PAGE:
As reported by the researchers in April, one in four patients showed improvements in thinking and memory skills after replacement with a clear lens. Many also showed an easing of symptoms of depression, and most of the participants also slept better after the surgery. They did not show improvements in day-to-day functioning, but all-in-all, that’s not bad, considering they could do all that and see better, too.
NOV: Vitamins and Aspirin
Moving on to developments in the field of eye health and nutrition, two studies published last year caused some concern in the low vision community about possible harm from vitamins and aspirin. We may be worrying more than necessary, however, due to the way the study results were reported.
One study concluded that “several commonly used dietary vitamin and mineral supplements may be associated with increased total mortality”. The other study revealed that frequent aspirin use is associated with early AMD and wet late AMD.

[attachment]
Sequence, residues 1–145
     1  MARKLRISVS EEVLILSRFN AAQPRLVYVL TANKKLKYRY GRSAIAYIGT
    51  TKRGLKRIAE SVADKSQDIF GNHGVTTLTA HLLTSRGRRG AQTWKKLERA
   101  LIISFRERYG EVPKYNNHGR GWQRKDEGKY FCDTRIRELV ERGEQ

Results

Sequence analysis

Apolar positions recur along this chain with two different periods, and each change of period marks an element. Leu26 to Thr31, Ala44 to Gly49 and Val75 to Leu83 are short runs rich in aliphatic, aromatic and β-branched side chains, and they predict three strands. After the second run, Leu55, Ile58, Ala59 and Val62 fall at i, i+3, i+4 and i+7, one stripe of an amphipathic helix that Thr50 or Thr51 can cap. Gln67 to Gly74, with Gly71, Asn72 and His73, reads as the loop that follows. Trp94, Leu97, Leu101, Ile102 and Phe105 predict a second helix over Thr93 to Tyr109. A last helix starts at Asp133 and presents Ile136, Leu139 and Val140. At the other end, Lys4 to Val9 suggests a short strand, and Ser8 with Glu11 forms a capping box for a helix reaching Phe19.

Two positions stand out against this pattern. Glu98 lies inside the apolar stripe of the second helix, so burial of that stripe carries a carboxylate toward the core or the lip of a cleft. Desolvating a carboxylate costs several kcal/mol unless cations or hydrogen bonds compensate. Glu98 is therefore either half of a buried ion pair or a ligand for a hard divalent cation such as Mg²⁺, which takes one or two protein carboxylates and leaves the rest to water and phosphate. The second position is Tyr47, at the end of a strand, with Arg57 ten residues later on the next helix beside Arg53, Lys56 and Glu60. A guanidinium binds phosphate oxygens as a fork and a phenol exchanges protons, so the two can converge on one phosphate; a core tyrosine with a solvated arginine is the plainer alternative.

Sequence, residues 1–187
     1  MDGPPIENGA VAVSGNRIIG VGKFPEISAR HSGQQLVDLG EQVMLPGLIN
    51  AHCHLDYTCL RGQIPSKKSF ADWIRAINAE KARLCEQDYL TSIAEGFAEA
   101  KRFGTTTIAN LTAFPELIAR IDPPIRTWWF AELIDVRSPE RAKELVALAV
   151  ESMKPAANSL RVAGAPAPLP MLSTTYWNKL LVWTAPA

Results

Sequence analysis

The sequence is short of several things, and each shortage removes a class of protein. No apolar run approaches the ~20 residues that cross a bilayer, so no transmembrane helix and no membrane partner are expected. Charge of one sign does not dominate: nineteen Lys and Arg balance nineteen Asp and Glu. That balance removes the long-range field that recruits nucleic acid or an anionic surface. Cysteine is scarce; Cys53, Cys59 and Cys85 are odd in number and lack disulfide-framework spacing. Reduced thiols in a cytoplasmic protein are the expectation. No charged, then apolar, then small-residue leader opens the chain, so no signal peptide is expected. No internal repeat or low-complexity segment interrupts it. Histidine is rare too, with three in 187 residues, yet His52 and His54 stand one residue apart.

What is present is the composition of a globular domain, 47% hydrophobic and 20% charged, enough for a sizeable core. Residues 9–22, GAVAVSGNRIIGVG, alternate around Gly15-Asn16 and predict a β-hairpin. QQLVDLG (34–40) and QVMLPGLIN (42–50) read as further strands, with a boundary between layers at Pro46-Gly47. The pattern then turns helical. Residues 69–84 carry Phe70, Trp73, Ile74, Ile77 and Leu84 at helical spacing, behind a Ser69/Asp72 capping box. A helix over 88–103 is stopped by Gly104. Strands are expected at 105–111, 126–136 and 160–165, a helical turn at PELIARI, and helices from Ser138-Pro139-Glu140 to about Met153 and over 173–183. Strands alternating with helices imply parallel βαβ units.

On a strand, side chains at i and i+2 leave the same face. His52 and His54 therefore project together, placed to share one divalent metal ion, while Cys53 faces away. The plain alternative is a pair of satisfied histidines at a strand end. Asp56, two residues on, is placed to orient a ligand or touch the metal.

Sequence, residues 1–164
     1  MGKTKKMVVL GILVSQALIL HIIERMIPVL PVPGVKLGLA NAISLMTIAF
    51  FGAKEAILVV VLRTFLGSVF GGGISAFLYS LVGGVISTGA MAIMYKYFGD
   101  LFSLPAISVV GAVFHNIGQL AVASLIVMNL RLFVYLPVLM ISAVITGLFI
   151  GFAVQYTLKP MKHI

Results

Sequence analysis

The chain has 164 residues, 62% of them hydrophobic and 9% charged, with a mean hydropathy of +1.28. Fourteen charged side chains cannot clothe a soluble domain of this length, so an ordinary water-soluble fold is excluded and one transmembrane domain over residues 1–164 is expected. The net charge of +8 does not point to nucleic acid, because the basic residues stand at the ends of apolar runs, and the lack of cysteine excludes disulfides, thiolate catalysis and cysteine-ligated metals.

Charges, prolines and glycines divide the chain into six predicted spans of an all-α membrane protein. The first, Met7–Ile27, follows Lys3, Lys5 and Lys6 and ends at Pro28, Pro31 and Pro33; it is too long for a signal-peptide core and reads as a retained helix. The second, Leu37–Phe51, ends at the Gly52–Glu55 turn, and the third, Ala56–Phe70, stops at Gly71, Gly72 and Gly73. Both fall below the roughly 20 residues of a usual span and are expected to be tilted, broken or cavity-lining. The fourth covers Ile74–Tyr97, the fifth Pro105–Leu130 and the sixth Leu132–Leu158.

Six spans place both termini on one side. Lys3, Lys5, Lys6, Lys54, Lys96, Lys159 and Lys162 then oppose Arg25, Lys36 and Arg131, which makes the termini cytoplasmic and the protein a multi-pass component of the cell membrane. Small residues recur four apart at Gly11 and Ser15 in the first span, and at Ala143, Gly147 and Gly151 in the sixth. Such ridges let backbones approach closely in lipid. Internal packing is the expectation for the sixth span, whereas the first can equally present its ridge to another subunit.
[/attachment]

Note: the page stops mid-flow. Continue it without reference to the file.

Both of these studies have three things in common: 1) use of terms like “associated”, 2) the absence of cause and effect in the study designs, and 3) media distortion of the facts.
We must remember that a certain intervention “may be associated” with macular degeneration, but it does not necessarily cause the disease or its progression. For example, a person may be taking regular dosages of aspirin to alleviate a cardiovascular problem. At the same time, that person may have macular degeneration caused by the same inflammatory response responsible for the cardiovascular condition. There would, therefore, appear to be an association between aspirin and macular degeneration.
The researchers are aware of this, which is why they have not said conclusively that either vitamins or aspirin are going to harm us. They simply say that an association has been found and that further study is necessary before making such claims. It is the media that often carries it to that next step. We must, therefore, think twice about such reports and consult with professionals before changing our course of treatment.